• The hedge fund industry has a poor track record selecting long energy stocks. A typical fund would have done better investing passively, and outside investors would do well to short crowded picks in the sector.
  • Despite the poor industry performance, some funds do have excellent energy stock picking records. These records are persistent and predictive.
  • In recent months, the top energy funds have increased their XOM position and cut HAL. HAL remained a top bet, along with XOM and CHK.
The information herein is not represented or warranted to be accurate, correct, complete or timely.
Past performance is no guarantee of future results.
Copyright © 2012-2015, 
AlphaBetaWorks, a division of Alpha Beta Analytics, LLC. All rights reserved.
Content may not be republished without express written consent.
Share the Insight... Email this to someoneShare on LinkedInShare on FacebookShare on Google+Tweet about this on TwitterShare on Tumblr

Hedge Fund Crowding Toll: January 2015

Several of our articles discussed the vulnerability of crowded hedge fund positions to volatilitymass liquidation, and losses. We illustrated specific blow-ups (SanDisk (SNDK) and eHealth (EHTH)), as well as sectors with persistently poor hedge fund performance (Oil and Gas Production and Miscellaneous Mining). However, we have not showed how representative these examples are. This piece illustrates the performance toll of hedge fund crowding in a single (especially damaging) month – January 2015.

Identifying Crowding

We analyze hedge fund holdings (HF Aggregate) relative to the market portfolio (Market Aggregate). HF Aggregate is position-weighted while Market Aggregate is capitalization-weighted. We follow the approach of our earlier articles on aggregate and sector-specific hedge fund crowding.

January 2015 Hedge Fund Crowding Toll

January 2015 is a convenient month to consider: Due to intra-month volatility, the market was approximately flat at several dates. Hence, relative performance at these points gives a good picture of risk-adjusted performance. Whereas Russell 3000 was down about 2.7%, the portfolio of equal-weighted crowded hedge fund longs (in red on the chart below) declined twice as much:

Chart of the January 2015 performance of crowded long hedge fund bets

January 2015 Performance of Crowded Hedge Fund Long Bets

The crowded hedge fund longs in the above chart consist of HF Aggregate’s illiquid long bets relative to the Market Aggregate. Illiquid longs are overweight exposures of HF Aggregate valued at over 10 days of trading volume. We have discussed earlier that illiquidity is a key source of crowding risk since funds have difficulty exiting these positions. The specific 10 day limit was chosen arbitrarily. Below we show that results are consistent across a broad range of liquidity limits. The portfolio was constructed using AlphaBetaWorks’ Q3 2014 hedge fund crowding dataset, available to subscribers in late November.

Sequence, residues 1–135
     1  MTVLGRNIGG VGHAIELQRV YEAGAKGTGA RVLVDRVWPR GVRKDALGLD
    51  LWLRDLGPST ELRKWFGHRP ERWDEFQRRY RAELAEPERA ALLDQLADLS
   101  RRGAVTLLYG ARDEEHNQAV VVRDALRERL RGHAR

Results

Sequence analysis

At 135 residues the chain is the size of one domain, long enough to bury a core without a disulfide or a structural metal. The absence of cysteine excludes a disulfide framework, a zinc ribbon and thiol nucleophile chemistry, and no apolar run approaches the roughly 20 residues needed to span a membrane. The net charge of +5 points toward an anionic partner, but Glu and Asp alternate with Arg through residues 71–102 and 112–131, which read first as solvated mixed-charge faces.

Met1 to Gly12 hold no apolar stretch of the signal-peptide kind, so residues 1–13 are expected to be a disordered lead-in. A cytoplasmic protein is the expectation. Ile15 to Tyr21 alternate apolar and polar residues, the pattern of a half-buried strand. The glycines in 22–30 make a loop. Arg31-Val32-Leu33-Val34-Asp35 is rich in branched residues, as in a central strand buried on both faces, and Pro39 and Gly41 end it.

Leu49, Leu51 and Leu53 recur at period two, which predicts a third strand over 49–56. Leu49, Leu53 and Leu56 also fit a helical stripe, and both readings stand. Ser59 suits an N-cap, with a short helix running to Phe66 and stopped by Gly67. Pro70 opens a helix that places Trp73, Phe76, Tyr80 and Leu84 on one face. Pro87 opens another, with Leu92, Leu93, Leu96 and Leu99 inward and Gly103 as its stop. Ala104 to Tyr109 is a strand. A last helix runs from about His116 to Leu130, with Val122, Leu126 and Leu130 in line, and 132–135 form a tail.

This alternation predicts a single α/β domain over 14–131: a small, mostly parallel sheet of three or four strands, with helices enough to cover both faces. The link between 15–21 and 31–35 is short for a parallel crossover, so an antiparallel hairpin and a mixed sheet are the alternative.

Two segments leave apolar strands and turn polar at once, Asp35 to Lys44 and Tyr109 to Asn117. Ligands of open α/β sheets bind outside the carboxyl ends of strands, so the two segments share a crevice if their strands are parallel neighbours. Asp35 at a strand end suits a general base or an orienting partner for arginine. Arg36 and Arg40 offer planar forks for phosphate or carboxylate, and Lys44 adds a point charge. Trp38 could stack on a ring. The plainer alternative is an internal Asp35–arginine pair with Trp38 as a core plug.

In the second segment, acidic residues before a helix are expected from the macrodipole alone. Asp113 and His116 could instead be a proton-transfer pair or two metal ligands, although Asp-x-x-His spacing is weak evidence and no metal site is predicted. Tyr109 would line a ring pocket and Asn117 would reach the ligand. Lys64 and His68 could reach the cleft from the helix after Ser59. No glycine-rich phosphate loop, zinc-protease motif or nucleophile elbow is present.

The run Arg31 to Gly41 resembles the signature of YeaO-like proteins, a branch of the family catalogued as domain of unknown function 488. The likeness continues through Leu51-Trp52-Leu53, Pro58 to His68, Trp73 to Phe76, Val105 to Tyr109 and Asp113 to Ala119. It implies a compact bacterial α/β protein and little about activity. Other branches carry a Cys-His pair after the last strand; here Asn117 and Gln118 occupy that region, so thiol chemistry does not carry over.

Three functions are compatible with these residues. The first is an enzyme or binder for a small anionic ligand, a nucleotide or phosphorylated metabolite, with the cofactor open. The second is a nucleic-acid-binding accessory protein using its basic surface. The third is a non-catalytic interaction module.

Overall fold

Crowded hedge fund shorts are defined similarly: They consist of illiquid underweights relative to the Market Aggregate valued at over 10 days of trading volume. Crowded shorts (in green on the chart below) slightly outperformed the market in January:

Chart of he January 2015 performance of the crowded hedge fund long and short bets

January 2015 Performance of Crowded Hedge Fund Long and Short Bets

The performance of crowded hedge fund bets was roughly proportional to their crowding and liquidity. In the following chart, each line represents the performance of crowded hedge fund bets with a given level of crowding. Crowded and illiquid longs sized at 100 days of volume (red), underperformed crowded longs sized at 50 days (orange), etc. Meanwhile, illiquid shors (in shades of green) outperformed dramatically:

Chart of the January 2015 performance of crowded hedge fund bets as a function of liquidity

January 2015 Crowded Hedge Fund Bet Performance and Liquidity